If you live in the U.S., chances are good you'll be munching on turkey tomorrow in celebration of Thanksgiving. But millions of miles above your head, Comet ISON will make its closest pass to the sun. It's still a big question mark what will happen next: ISON could be torn apart by the sun's gravity. Or, it could escape with nothing more than a sunburn and begin the return journey to its celestial birthplace in the Oort Cloud. If ISON does cheat death, the best earth-bound viewing will likely be in the next several weeks, once the comet has completed its solar flyby. Sophie Bushwick has all of the other important bits about ISON in our latest episode of The Countdown.
UPDATE 7/28: According to NASA, ISON did not survive its voyage around the sun, disappearing from the view of the Solar Dynamics Observatory before making its closest approach. This is the sixth thing you should know about Comet ISON.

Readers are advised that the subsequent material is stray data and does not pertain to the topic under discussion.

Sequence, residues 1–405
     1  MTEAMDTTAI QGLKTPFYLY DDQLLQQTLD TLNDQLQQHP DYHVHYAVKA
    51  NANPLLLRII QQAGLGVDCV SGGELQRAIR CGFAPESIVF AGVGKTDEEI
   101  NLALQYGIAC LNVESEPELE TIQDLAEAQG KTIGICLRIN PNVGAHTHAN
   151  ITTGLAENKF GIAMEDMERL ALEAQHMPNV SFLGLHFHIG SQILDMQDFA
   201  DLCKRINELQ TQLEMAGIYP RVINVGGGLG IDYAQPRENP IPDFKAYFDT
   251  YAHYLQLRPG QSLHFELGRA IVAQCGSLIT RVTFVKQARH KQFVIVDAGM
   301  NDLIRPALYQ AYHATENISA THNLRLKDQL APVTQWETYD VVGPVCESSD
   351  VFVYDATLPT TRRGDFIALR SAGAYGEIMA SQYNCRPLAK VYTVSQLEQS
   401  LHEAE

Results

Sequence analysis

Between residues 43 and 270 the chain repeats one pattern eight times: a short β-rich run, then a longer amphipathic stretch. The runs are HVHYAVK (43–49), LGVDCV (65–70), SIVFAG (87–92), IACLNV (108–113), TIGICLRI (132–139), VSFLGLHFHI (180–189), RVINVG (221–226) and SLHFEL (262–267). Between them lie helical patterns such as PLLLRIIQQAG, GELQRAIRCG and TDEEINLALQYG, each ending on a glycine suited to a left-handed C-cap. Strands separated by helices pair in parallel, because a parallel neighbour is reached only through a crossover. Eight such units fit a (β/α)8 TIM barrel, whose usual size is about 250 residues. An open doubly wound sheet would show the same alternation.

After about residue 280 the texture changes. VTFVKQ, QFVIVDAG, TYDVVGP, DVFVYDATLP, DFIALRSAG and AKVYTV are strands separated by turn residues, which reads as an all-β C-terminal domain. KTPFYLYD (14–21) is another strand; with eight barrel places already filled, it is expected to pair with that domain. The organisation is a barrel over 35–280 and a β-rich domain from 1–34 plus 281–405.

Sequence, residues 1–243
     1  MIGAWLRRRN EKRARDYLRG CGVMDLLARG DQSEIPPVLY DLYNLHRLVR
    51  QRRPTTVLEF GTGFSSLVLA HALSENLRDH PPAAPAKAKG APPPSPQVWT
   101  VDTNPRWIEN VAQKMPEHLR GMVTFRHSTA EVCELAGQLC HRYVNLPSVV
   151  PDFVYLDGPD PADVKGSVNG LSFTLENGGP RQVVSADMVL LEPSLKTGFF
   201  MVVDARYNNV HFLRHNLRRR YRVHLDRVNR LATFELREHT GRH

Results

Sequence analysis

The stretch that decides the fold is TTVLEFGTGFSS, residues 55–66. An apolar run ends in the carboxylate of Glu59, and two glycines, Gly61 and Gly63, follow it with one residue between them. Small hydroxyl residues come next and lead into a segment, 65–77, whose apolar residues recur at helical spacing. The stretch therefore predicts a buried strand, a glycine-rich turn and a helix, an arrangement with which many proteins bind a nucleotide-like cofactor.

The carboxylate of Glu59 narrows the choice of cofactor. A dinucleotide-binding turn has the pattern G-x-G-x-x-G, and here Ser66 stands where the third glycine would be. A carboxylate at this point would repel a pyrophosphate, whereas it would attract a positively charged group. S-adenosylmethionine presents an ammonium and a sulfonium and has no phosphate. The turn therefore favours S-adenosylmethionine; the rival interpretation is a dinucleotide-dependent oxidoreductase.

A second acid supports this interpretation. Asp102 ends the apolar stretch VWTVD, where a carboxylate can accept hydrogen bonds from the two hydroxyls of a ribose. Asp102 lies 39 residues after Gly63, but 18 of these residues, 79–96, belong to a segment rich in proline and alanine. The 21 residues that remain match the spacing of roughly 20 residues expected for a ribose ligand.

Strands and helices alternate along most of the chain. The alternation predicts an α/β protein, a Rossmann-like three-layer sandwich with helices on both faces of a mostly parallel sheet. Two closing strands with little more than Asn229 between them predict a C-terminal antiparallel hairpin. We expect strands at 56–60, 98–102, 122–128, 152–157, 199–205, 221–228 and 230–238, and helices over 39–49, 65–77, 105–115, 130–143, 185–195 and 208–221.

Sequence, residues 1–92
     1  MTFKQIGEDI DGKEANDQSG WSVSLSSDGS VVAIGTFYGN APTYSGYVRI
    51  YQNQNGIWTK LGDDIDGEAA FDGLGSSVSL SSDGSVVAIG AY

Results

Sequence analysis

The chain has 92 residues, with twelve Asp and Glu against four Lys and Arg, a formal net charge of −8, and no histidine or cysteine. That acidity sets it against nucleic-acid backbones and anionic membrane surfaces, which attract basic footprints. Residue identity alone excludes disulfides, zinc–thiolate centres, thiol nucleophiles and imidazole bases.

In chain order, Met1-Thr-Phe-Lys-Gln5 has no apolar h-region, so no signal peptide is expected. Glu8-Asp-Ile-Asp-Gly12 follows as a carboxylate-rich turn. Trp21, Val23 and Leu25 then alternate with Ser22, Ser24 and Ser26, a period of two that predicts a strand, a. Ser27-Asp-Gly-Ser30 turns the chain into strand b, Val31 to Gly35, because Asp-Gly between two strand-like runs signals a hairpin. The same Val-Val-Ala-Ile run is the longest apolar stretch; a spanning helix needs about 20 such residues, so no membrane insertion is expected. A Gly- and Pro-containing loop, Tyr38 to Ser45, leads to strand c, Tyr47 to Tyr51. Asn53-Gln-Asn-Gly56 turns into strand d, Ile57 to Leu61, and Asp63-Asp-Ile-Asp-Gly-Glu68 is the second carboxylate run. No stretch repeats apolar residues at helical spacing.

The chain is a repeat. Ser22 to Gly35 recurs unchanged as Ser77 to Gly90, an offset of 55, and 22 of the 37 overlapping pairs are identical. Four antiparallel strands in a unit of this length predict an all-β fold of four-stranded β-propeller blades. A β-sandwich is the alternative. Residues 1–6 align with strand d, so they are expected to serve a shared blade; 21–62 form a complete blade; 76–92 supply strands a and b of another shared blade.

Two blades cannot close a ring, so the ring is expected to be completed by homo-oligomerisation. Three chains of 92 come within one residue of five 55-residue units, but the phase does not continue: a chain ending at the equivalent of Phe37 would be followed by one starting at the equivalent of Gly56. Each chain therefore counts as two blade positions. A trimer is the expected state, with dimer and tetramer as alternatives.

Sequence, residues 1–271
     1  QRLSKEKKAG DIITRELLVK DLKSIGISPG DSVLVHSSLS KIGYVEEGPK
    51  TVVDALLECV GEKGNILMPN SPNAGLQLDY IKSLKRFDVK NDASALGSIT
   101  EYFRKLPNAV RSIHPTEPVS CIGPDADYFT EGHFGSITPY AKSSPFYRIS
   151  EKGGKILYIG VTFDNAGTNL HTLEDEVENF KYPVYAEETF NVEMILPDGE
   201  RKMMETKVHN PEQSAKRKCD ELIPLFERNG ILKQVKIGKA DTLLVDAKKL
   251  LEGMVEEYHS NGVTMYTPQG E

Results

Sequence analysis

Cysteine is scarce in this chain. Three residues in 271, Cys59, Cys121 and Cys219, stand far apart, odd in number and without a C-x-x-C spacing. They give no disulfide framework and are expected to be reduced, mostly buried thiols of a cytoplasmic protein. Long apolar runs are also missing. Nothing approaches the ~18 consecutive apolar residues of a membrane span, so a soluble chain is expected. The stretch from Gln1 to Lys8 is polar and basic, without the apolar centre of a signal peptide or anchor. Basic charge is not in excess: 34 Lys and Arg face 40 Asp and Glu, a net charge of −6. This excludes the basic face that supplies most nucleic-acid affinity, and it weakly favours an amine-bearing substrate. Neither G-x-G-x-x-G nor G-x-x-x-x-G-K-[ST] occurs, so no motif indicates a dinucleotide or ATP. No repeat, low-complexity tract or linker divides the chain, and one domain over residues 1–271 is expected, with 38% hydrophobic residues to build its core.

UPDATE 7/29: New images from the European Space Agency and NASA's Solar and Heliospheric Observatory suggest that some portion of ISON may have survived. Stay tuned.
More to explore:
Comet from the Oort Cloud Careens toward the Sun (Scientific American)
The Comet ISON Toolkit (NASA)
Host/writer: Sophie Bushwick
Story advisors: Clara Moskowitz & Michael Moyer
Editor: Joss Fong
Producer: Eric R. Olson